In fact, many advocates for public or customer ownership are also the most outspoken critics of the CPUC. If they think that the CPUC, a state agency, is such a failure, why are they so confident that a government agency (or a non-profit coop) running the utility will be a success?

Do Profits Raise Costs?

Paying profits to shareholders is also held up as a problem because IOUs must earn higher revenues to make those payments. Well maybe, but non-profit utilities also face a cost of raising capital. They just do it all through selling bonds, and paying interest on them, rather than also selling equity and paying returns to shareholders.

Nonetheless, advocates of public power note that the interest rate on public utility bonds is typically lower, which is true. But why is that? One reason is the favorable tax treatment of local government bonds, which is, of course, not an efficiency, but just a subsidy from the federal government. There may be an argument for grabbing that subsidy, but let’s also recognize that paying for those subsidies means that either federal taxes have to rise or federal expenditures on other public services have to fall.

A second reason is that the local or state government backing the bonds of a POU is taking on risk that shareholders would bear under an IOU. Think about what happens when the power lines of a POU start a wildfire that damages property and takes lives. The liability would then be on the government entity, which would have to cover the cost to the victims and still make good on the bonds, or it would have to declare bankruptcy.

PGEServiceAreaandPopDensitySolving the Problem for All Customers

It’s not a coincidence that the first area to advocate for making their part of PG&E territory into a public entity has been the city of San Francisco, an urban area in which the power lines pose very little wildfire risk. It is possible that PG&E is too big, and the best solution is to break it up, but it is certain that carving off the low-fire-risk areas will leave the more wooded and rural — and, on average, poorer — parts of its service territory where the fire risk is highest. No one is going to want to be the public (or investor-owned) power provider for those areas unless someone else covers the wildfire liability. Without a holistic plan to provide power in all of PG&E’s service territory, cherry picking what are now the low-cost areas will just create massive wealth transfers and exacerbate inequality.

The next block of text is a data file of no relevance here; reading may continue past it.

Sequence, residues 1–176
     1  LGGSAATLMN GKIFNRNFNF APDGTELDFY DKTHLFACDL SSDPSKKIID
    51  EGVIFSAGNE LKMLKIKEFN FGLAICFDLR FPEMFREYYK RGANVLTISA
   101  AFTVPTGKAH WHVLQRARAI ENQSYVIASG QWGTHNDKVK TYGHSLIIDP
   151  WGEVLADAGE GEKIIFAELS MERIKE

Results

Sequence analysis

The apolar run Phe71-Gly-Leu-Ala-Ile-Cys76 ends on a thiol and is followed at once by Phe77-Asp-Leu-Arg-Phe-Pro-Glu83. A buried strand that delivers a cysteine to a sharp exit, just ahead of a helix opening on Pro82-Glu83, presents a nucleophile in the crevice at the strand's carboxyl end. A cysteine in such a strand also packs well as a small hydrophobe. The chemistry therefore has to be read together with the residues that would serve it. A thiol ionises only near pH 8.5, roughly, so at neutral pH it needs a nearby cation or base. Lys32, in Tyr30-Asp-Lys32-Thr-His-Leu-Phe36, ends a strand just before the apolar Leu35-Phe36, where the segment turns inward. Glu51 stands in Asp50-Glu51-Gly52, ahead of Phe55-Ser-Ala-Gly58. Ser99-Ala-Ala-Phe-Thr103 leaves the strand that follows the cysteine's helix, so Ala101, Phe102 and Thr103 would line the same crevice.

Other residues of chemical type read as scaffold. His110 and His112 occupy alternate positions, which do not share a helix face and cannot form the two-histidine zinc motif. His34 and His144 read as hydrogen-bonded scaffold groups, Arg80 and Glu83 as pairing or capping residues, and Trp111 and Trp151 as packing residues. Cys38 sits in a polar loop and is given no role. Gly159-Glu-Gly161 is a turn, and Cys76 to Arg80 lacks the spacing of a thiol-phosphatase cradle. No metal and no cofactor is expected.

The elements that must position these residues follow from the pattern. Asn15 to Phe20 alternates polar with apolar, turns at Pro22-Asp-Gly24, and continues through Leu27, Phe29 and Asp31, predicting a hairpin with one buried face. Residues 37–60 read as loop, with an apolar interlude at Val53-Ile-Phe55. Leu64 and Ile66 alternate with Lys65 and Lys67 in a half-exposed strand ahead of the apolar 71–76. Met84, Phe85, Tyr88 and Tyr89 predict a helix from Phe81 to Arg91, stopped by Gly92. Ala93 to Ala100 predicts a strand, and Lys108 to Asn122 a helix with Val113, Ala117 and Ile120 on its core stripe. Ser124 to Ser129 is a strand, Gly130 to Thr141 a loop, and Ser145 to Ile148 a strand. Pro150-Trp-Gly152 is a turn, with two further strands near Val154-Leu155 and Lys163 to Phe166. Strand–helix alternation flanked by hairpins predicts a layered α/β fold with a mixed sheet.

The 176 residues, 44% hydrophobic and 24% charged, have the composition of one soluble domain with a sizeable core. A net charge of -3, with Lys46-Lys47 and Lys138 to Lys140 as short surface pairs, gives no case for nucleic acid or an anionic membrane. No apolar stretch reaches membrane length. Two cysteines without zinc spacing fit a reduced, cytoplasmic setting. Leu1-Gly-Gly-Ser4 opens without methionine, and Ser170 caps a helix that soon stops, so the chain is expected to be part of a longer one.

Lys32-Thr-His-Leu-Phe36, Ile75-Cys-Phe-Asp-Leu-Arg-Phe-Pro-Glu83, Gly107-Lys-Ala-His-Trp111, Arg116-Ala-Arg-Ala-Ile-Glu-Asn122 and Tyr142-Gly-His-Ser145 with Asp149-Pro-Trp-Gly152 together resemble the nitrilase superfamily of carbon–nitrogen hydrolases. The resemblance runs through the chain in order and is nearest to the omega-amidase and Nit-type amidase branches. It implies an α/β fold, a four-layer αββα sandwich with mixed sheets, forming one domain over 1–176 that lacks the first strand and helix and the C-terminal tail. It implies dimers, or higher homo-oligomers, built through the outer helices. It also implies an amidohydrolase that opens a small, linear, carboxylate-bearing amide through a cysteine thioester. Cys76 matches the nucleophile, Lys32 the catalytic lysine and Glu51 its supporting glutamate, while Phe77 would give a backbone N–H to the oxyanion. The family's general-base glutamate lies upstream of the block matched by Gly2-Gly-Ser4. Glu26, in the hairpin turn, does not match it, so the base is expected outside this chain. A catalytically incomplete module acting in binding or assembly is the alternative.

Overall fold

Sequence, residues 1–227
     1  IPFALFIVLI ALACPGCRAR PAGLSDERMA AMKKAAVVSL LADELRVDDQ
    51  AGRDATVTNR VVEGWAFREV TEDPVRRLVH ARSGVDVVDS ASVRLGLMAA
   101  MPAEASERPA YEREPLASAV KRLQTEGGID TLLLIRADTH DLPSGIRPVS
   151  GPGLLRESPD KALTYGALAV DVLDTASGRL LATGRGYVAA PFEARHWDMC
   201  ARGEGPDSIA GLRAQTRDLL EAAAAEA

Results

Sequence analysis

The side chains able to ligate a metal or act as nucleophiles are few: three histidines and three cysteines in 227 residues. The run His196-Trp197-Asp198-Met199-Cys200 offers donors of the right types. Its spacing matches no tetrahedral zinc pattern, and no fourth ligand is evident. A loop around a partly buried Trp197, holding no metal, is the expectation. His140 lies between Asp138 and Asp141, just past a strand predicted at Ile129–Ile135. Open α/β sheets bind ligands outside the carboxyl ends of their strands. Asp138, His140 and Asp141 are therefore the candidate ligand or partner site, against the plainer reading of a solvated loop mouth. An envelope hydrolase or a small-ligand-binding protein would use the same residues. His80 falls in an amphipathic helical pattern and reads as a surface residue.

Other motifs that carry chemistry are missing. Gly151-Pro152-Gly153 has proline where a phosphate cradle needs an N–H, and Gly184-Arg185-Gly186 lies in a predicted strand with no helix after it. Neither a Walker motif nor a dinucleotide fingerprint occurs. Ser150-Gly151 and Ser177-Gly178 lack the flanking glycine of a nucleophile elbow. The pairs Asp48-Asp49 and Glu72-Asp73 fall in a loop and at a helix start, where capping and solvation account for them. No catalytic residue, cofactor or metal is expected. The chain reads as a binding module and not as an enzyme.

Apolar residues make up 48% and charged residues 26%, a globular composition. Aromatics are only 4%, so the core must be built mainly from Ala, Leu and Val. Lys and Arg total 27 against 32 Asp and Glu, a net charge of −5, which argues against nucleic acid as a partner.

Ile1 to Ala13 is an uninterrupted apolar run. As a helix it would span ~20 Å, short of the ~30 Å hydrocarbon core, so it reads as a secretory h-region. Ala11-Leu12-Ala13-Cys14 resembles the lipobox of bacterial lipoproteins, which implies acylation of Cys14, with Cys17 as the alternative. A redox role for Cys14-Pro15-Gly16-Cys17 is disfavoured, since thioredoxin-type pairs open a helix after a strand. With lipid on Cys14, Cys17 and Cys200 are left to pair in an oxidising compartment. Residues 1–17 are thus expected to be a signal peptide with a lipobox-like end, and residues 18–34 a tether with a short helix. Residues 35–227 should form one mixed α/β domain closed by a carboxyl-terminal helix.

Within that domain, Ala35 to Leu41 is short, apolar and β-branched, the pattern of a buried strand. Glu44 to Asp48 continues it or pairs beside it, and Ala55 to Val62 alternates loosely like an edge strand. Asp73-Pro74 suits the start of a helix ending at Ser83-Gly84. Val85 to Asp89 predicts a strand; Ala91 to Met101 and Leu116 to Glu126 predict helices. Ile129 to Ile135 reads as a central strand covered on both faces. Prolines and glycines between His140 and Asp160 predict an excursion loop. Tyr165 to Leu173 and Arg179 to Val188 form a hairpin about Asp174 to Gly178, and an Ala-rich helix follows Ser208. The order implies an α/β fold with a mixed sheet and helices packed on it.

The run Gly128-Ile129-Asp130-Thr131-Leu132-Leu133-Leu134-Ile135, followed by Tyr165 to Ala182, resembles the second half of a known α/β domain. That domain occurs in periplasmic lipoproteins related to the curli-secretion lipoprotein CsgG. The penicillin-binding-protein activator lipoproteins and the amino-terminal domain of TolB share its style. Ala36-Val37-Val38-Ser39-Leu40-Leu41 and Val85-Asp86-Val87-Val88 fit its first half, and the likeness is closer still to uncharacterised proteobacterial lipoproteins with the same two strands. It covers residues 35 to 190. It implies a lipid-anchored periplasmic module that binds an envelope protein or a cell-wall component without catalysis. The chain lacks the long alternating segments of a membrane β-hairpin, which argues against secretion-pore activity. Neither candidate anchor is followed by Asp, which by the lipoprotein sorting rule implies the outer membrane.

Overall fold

And, by the way, San Francisco gets nearly all of its electricity from other parts of the state. How do you think that power gets to the city?ElecCoopsMap

None of this is an argument that non-profit power would necessarily be worse (or better) than having an investor-owned utility running PG&E’s system. Some studies have suggested that public power agencies have lower retail prices, but it is very difficult to know how much of that is driven by service territory differences, state energy policies, tax advantages, access to cheap federal hydropower, or historical accident.  In any case, the last few years has made clear that there is a lot more to being a successful or unsuccessful utility than rates.

What’s clear to me is that converting PG&E to a public or cooperatively-owned utility would not be the silver bullet that creates a more efficient, reliable and safety-oriented electricity provider for Northern California. It would at best be just the beginning of a long road to re-invent the utility. And in the meantime we also need to figure out how to get from here to the next rainy season, which can’t come soon enough.

I am still tweeting interesting energy news articles, research papers and blogs (and occasionally my political views) @BorensteinS

Keep up with Energy Institute blogs, research, and events on Twitter @energyathaas.

Suggested citation: Borenstein, Severin. “Would Non-Profit Utilities Cure What Ails California Electricity?” Energy Institute Blog, UC Berkeley, November 12, 2019,


Severin Borenstein View All